I had heard from the “twilight barking” of local musicians that Gordon Shawcross was up to something, and I was desperately curious. I have had the unique opportunity to work with Shawcross and I knew whatever he was crafting would be special. Waiting for the result, however, was like a countdown to Christmas morning.
Well, the sun has come up and Almost Science Fiction has presented itself. It is epic.
This artist has honed his songwriting abilities to a unique edge from both observing the human condition and living in the middle of the madness. His songs are an intimate, illustrated musical travelogue that is yours to put to use as you colour along.
Gordon Shawcross’s style can be described in only one way. When he gets hold of a tune, it will be “shawcrossed.” I’ve seen it happen and it is acutely evident throughout this CD.
Get underneath some headphones now and take in the extraordinary experience of songs like “Dreaming of New Orleans,” “Michael Slobodian” and “Buckwheat Cakes.” As I said, epic.
Gordon Shawcross - Almost Science Fiction

Lily Frost – Too Hot for Words

Canadian rockabilly swing icon Ray Condo once sang, “What you gonna do when there ain’t no swing?” With Too Hot for Words, Canada’s indefinable Lily Frost ensures there is no need for a reply to that question.
This is the former Caledon resident’s follow-up to Lily Swings and she’s supported by an über-talented band. It includes the likes of Terry Wilkins on doghouse bass, the incomparable Nichol Robertson, one of my favourite innovators, on banjo/guitar, and illustrious drummer Jeff Halischuk, among many other pros. Frost puts her own filter on the music and it is a sassy, confident and buttery smooth vintage.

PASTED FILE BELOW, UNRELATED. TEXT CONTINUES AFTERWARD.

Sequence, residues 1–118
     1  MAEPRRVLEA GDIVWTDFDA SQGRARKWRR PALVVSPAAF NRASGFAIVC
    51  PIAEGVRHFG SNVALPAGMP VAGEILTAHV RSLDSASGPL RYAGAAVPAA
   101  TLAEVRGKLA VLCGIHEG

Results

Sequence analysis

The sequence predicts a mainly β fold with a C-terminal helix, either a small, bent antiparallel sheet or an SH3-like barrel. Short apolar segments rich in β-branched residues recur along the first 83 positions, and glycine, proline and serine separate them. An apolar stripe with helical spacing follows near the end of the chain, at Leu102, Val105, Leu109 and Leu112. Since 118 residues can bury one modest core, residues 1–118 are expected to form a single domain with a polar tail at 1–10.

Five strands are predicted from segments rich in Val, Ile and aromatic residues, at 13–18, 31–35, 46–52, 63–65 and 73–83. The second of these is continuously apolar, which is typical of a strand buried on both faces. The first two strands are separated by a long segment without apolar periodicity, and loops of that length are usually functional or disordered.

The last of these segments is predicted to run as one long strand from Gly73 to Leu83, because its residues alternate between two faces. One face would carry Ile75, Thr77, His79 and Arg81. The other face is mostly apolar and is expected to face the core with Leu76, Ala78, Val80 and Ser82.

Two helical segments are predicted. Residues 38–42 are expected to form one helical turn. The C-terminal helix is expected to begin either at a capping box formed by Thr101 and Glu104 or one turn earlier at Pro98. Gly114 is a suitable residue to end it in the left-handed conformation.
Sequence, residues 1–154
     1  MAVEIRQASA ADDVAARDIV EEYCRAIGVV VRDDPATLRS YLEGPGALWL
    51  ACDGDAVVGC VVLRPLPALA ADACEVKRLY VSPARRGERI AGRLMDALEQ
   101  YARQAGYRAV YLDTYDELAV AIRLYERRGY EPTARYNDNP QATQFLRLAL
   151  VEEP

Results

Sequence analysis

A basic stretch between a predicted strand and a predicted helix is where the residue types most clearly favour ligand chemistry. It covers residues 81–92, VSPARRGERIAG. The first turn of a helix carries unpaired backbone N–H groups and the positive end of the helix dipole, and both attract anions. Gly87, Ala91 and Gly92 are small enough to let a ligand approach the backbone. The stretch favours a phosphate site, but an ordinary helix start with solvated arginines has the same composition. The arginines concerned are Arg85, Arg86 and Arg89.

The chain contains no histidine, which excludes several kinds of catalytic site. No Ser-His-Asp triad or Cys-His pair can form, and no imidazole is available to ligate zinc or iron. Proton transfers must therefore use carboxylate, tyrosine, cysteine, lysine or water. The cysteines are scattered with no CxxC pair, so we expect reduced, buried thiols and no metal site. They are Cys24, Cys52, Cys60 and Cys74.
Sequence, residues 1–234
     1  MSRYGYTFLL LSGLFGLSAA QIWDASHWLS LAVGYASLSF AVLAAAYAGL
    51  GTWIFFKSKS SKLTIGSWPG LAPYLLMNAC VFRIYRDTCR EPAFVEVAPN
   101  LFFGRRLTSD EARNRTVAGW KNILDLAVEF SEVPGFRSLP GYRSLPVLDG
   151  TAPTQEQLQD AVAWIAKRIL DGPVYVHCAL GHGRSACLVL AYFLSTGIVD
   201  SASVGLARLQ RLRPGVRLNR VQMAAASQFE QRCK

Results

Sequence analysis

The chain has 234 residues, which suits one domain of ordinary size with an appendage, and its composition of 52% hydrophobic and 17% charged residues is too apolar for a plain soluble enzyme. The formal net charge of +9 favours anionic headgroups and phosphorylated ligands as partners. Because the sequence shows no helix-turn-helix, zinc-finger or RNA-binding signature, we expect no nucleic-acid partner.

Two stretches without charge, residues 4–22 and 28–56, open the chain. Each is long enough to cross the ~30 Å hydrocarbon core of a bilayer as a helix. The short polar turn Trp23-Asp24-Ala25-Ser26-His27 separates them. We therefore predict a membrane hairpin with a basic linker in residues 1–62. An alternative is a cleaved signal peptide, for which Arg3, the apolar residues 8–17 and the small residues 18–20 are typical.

Whether it is the swingin’ stomper “It Ain’t Right,” the sultry “Don’t Explain” or “One Never Knows, Does One?” Frost cuddles each composition and makes it her own with vocal treatments that are playful, soaring and bawdy, while the band behind her renders each song to perfection.
And speaking of too hot for words, don’t get me started on the knockout image of Frost on the CD cover. Just trust me that the music that emanates from this recording is as gorgeous and intelligent as the artist herself.
Lily Frost - Too Hot for Words

Billy Grima – Sugar & Cream

Living in Caledon is a singer/songwriter who is creating some great country/pop music built from personal experiences, family stuff (as he puts it), and one excellent voice.
Billy Grima, originally from Australia, began singing as a soloist in a 40-voice choir at age eight. He moved to Canada in his mid-teens and continued to sing and write music despite the shock of our frigid climate.
He lists his influences as Joe Cocker, Sarah McLachlan and Journey’s Steve Perry, yet Grima is carving out a style all his own on Sugar & Cream. His songs all have an easy colloquial feel to them, whether it is “Picture of You and Me” about leaving home to join the armed forces, “Pleasure to Have Met You,” a rocking anthem about bumping into love, or the heartbreaking “I Miss You Baby.”
Pete Swann’s production on this CD, Grima’s third, is impressive, with tasteful guitar work throughout and a punchy sound that propels each hook-loaded song. It could be described as country with flavour, even though on “Calendar Girl” Grima’s powerful pipes lead the way on more of a lazy Motown-influenced blues. Throughout, however, the constant is always that voice which remains front and centre, right where it should be. Sugar & Cream is one sweet recording and I’d like some more,
Billy Grima - Sugar & Cream


If you are a musician or band reviewed on this page and would like a link, song or video embedded please email the details to Valerie Jones. Thank you!



About the Author More by Scott Bruyea

Scott Bruyea is a musician, sales consultant and internet entrepreneur who lives in Orangeville.


1 Comment

  1. Scott, we have to do a segment on this!
    Send me a note – please!

    JAMES ROGERS from Truro, Nova Scotia formally Orangeville on Dec 8, 2015 at 12:56 am | Reply